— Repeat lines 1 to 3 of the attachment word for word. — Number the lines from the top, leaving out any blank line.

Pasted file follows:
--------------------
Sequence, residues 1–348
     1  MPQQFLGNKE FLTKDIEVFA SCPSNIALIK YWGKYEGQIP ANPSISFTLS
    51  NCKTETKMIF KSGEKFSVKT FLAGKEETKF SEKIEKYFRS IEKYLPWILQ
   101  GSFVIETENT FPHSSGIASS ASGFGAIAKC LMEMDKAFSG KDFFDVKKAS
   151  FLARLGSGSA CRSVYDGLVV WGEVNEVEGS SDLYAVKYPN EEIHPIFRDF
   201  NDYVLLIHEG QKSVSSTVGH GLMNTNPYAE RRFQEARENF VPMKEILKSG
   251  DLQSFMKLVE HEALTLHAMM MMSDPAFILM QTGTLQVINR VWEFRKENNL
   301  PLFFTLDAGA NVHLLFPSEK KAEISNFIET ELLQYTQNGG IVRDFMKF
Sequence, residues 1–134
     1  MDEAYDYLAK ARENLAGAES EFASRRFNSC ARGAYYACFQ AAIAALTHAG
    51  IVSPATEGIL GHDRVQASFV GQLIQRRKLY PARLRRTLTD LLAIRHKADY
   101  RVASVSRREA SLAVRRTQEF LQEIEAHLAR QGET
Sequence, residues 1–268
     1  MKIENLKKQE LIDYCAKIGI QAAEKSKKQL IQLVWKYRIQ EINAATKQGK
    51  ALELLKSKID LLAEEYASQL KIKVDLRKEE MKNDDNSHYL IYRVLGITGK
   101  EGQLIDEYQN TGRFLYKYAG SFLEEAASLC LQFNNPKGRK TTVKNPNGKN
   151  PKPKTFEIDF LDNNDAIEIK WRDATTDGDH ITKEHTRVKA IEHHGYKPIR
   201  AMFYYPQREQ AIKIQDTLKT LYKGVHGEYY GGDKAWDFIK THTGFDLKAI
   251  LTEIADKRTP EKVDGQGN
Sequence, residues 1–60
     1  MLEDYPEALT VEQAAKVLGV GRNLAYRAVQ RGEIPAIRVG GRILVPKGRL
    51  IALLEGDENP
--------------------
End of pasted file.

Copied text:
Sequence, residues 1–348
     1  MPQQFLGNKE FLTKDIEVFA SCPSNIALIK YWGKYEGQIP ANPSISFTLS
    51  NCKTETKMIF KSGEKFSVKT FLAGKEETKF SEKIEKYFRS IEKYLPWILQ